"An erudite and original book . . . [on] the far-reaching effects of European fin de siècle visual culture on Freud's mind. Mirrors of Memory illuminates the heretofore unexamined ways in which the medium of photography, widely taken to be a transparent, objective way of documenting and gaining access to a previously existing reality, was relied on by many disciplines during Freud's lifetime. . . . This extraordinary book . . . is a paragon in the annals of interdisciplinary scholarship. . . . In teaching us to look back and to realize that we had missed an entire field of force in which the interpretations we thought we understood took place, it opens onto new vistas and suggests new paradigms for exciting twenty-first-century interdisciplinary work."—Ellen Handler Spitz, Journal of the American Psychoanalytic Association, December 2010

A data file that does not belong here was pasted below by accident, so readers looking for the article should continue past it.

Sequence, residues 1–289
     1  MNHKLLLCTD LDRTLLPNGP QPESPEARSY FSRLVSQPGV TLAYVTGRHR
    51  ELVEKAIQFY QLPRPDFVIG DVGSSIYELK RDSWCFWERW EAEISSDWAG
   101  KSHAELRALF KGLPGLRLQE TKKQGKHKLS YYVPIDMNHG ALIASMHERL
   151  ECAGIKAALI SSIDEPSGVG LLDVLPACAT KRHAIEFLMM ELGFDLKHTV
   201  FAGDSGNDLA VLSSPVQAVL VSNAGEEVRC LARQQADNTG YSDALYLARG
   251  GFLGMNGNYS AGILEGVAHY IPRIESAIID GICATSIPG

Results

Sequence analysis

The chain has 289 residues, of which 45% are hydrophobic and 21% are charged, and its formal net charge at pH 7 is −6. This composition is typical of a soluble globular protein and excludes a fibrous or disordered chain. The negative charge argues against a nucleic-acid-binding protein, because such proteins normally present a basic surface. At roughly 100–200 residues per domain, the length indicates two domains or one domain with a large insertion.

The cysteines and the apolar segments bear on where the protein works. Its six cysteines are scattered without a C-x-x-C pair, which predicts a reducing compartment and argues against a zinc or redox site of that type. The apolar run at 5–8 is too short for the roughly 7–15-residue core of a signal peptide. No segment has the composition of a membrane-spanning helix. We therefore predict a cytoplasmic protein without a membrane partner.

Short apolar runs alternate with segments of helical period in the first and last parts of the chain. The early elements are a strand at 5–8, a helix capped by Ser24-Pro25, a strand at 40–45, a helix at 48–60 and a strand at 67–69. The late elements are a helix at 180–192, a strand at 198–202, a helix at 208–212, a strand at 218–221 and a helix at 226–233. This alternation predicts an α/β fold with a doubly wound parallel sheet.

"Bringing analytic understanding to bear on cultural production, Bergstein explores the impact of photography on the human dynamics of perception, memory, and desire. At the same time, Mirrors of Memory historicizes psychoanalysis, shedding light on the circumstances that positioned Freud to formulate a new understanding of mental life. . . . Bergstein highlights the rigor with which Freud approached his investigations of mental life. She also enriches our understanding with her careful demonstration of the ways in which 'photographic presence and surrogacy were deeply embedded in Freud's visual imagination.’"—Anne Golomb Hoffmann, DeWitt Wallace Institute for the History of Psychiatry Annual (2010–2011)